The call of Bahá'u'lláh is primarily directed against all forms of provincialism, all insularities and prejudices. If long-cherished ideals and time-honored institutions, if certain social assumptions and religious formulae have ceased to promote the welfare of the generality of mankind, if they no longer minister to the needs of a continually evolving humanity, let them be swept away and relegated to the limbo of obsolescent and forgotten doctrines. Why should these, in a world subject to the immutable law of change and decay, be exempt from the deterioration that must needs overtake every human institution? For legal standards, political and economic theories are solely designed to safeguard the interests of humanity as a whole, and not humanity to be crucified for the preservation of the integrity of any particular law or doctrine." [61]

The Wider Inclusive Loyalty:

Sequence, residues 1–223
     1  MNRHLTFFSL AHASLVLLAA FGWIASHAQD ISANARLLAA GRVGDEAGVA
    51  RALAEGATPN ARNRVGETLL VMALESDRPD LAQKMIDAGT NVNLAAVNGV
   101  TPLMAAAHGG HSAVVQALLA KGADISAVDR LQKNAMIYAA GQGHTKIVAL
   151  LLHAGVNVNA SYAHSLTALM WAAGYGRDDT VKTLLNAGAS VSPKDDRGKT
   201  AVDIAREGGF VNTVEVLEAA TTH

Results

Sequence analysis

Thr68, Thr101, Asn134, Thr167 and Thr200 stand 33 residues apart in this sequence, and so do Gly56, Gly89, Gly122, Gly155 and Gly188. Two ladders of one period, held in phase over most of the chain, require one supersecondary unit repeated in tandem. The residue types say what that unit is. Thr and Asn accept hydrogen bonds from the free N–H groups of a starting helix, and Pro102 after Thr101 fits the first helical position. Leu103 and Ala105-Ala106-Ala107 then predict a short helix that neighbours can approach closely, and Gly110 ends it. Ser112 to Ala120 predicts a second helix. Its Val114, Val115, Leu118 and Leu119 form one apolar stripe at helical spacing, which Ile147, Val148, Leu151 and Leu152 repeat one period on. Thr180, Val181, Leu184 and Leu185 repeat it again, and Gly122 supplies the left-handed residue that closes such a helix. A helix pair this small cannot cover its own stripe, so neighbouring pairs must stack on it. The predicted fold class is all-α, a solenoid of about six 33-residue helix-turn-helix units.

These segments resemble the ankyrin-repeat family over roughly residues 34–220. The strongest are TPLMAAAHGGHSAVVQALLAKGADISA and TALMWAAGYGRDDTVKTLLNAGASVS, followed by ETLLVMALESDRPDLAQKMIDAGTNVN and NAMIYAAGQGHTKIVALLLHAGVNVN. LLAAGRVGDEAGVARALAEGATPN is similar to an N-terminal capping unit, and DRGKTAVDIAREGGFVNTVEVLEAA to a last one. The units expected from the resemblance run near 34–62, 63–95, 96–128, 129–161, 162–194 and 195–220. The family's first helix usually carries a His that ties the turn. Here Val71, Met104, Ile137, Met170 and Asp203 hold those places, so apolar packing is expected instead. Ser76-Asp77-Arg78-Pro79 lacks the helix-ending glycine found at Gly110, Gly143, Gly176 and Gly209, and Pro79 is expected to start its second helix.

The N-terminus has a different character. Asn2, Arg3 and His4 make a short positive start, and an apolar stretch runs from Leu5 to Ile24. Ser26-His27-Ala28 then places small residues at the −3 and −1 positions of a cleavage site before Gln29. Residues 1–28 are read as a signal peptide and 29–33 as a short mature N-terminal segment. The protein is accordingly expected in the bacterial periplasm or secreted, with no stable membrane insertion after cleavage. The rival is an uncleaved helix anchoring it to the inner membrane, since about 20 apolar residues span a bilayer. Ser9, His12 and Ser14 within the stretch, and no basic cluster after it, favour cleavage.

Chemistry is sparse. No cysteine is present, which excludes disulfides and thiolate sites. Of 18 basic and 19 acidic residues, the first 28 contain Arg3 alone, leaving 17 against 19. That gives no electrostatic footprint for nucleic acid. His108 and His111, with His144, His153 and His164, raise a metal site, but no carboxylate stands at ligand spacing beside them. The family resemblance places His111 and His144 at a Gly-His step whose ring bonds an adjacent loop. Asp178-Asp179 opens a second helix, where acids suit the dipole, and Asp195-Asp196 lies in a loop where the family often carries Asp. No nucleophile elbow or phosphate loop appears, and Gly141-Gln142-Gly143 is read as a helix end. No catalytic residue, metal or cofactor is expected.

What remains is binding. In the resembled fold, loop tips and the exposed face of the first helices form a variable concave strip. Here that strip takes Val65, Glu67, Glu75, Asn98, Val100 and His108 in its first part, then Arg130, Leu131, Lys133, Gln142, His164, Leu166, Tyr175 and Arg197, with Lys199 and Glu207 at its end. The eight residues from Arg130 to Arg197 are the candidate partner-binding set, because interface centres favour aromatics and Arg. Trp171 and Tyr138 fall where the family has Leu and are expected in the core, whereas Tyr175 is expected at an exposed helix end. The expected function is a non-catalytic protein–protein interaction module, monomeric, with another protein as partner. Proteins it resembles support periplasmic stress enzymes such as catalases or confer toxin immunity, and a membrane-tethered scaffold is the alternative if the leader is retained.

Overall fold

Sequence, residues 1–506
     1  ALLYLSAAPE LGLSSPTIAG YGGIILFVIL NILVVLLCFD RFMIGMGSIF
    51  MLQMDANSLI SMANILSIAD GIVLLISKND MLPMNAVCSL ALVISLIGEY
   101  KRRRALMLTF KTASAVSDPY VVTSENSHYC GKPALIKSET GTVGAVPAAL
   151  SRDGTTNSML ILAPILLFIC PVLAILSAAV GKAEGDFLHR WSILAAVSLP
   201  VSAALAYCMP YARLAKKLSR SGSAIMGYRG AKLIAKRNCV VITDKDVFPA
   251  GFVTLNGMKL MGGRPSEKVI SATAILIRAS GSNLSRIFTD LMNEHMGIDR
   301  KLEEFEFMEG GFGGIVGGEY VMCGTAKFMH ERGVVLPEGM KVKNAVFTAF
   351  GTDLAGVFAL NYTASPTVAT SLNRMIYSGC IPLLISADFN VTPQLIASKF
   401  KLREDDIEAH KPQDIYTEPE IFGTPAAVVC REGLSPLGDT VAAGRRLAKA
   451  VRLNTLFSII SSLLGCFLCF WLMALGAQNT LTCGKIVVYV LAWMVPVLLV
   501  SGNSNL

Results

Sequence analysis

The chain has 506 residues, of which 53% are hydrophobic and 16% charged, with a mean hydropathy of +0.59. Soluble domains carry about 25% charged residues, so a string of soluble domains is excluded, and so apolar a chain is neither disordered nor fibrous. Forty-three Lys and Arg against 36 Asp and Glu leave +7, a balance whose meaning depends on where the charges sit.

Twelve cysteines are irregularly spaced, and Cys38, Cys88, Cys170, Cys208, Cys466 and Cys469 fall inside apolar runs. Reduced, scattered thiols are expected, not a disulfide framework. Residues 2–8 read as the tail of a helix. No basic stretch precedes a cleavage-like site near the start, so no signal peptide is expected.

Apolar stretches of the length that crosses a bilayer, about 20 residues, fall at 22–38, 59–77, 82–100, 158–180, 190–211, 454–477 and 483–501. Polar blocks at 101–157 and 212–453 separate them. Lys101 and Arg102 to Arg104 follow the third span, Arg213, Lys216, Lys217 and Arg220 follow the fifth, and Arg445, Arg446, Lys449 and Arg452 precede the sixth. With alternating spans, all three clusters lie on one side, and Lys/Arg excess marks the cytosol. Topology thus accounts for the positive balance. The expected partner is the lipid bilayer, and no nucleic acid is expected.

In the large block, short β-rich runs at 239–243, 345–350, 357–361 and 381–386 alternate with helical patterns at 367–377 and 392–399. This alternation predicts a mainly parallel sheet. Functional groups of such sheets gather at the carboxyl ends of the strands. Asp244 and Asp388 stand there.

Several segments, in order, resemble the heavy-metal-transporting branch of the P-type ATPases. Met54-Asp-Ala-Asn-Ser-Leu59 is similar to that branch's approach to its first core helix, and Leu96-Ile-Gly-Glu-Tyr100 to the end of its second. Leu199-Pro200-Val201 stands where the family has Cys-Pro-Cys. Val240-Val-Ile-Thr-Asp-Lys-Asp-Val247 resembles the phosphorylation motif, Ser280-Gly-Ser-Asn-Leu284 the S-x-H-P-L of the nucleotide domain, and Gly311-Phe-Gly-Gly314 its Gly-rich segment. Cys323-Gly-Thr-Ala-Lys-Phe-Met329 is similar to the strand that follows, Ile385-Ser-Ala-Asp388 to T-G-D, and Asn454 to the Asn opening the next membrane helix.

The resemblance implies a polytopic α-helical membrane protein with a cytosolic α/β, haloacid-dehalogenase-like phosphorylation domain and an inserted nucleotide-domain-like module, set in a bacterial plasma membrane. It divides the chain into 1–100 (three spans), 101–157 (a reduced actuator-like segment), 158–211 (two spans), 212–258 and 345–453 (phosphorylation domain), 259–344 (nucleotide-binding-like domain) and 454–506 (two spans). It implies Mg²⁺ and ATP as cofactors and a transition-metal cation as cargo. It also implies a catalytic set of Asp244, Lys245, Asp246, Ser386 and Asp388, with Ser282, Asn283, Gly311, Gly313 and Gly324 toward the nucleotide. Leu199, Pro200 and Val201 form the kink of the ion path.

"A word of warning should, however, be uttered in this connection. The love of one's countryâ ¬? has not, through this declaration, this clarion-call of Bahá'u'lláh, been either condemned or disparaged. It should not, indeed it cannot, be construed as a repudiation, or regarded in the light of a censure, pronounced against a sane and intelligent patriotism, nor does it seek to undermine the allegiance and loyalty of any individual to his country, nor does it conflict with the legitimate aspirations, rights, and duties of any individual state or nation. All it does imply and proclaim is the insufficiency of patriotism, in view of the fundamental changes effected in the economic life of society and the interdependence of the nations, and as the consequence of the contraction of the world, through the revolution in the means of transportation and communication... It calls for a wider loyalty, which should not, and indeed does not, conflict with lesser loyalties. It instills a love which, in view of its scope, must include and not exclude the love of one's own country. It lays, through this loyalty which it inspires, and this love which it infuses, the only foundation on which the concept of world citizenship can thrive, and the structure of world unification can rest. It does insist, however, on the subordination of national considerations and particularistic interests to the imperative and paramount claims of humanity as a whole, inasmuch as in a world of interdependent nations and peoples the advantage of the part is best to be reached by the advantage of the wholeâ ¬?